Traditional project management is the last bird in the pecking order of hot job skills, according to a recent RHI survey.
David Tighe, branch manager for Toronto-based RHI Consulting Services, said the continued emphasis on Web systems has left traditional application and system development project teams behind.
The Hot Jobs Report, a poll of more than 250 Canadian CIOs, showed that only one per cent considered project management a hot IT speciality. All of the companies polled had more than 100 employees.
Tighe stressed that this would differ within Internet or intranet project managers. “That one per cent would not include projects that were Internet development in nature.”
Internet and intranet skills, not surprisingly, topped the list with 30 per cent seeing those as the most in demand. The most requested job titles in that category included webmaster and e-business strategist. Networking was next in demand at 17 per cent.
Other areas included were applications development (13 per cent), help desk or end user support (10 per cent), operations (eight per cent), systems analysis (three per cent), and other/don’t know at 18 per cent.
Tighe said RHI commissions surveys like this one often and he noted this was the first time the demand for Internet and intranet skills was so clearly marked.
He added this trend is not likely to change.
“Internet development is the tip of the iceberg and it ties into everything else,” he said. “It’s pretty basic stuff. People are throwing a lot of their technology dollars at the Internet and that’s going to continue.”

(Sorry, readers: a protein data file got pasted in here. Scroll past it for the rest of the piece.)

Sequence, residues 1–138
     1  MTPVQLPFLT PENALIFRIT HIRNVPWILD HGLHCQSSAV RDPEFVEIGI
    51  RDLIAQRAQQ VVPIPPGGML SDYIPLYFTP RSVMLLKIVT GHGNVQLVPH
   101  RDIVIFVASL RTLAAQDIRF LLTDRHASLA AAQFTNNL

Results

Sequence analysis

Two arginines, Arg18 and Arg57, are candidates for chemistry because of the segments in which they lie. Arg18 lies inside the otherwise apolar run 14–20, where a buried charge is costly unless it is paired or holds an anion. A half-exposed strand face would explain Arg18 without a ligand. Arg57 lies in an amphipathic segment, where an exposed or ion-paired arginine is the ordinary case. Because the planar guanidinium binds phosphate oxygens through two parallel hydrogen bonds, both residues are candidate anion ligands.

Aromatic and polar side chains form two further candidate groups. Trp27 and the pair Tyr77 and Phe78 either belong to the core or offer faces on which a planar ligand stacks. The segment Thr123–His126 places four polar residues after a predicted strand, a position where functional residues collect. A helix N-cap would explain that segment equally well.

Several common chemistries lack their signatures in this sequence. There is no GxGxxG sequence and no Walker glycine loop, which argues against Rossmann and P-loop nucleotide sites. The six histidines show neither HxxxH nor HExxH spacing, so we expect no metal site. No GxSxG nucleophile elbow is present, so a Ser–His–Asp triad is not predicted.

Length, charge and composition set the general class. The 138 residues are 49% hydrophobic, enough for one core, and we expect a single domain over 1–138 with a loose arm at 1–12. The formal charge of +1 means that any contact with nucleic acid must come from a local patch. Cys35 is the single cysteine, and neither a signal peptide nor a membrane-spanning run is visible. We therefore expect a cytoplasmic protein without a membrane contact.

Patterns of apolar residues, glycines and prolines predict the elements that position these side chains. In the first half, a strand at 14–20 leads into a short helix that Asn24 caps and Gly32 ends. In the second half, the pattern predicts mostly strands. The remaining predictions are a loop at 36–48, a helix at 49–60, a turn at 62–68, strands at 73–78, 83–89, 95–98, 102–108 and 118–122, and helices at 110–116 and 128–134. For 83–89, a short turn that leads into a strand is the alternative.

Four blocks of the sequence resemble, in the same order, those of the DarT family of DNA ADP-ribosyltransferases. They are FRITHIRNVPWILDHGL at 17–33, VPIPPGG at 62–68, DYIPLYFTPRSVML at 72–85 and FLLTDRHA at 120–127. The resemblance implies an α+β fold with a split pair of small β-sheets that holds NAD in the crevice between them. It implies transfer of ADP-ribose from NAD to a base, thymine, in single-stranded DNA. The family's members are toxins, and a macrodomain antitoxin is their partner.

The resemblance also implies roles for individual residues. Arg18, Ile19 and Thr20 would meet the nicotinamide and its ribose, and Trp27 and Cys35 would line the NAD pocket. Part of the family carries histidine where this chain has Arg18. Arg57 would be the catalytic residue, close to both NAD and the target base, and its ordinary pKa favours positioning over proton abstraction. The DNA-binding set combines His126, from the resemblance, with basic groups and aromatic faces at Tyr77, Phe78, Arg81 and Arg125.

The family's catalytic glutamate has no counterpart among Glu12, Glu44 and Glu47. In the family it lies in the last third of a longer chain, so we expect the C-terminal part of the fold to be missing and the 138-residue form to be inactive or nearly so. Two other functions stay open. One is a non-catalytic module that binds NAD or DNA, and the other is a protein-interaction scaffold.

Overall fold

The two largest segments looking for Internet specialists were the business services and wholesale sectors, according to the survey. Both put Web skills at 47 per cent of their job demand. Manufacturing followed at 35 per cent, while professional services sat at 26 per cent.
Tighe thought this was a natural progression for these sectors.
“If you’re going to offer a catalogue of items on-line and have pricing and descriptions, that’s a huge database component. So database specialists are going to be in demand, and then the infrastructure specialists,” Tighe said. “I think it’s going to be a lot of the same kind of traditional functions, but now geared toward the Web and e-commerce.”
He said that the survey results were not very surprising, noting that ever since Y2K past, companies have been spending a lot of time breaking into the new e-conomy.
“There was a lot of backlog in terms of how do organizations keep up with the new economy, this whole business to business. How do they market products over the ‘net net? How do they sell items over the ‘net net and everything that goes with that. And everyone jumped on the bandwagon at the same time,” Tighe said.
That, he noted, created incredible demand for the same skill sets and for people who are knowledgeable about building full e-commerce Web sites.
“Then of course behind that is all the infrastructure and that’s why the networking side is so prominent, because one spurs the other. When I looked at this survey, I thought, ‘Yeah, that makes sense.’ It basically confirmed, through a more scientific method, what we already knew,” he said.
The survey showed the industry that is least hungry for Internet and intranet employees was retail at 13 per cent followed by construction with 19 per cent interest in the field. Retail was more focused on networking at 31 per cent and construction CIOs were looking for application developers.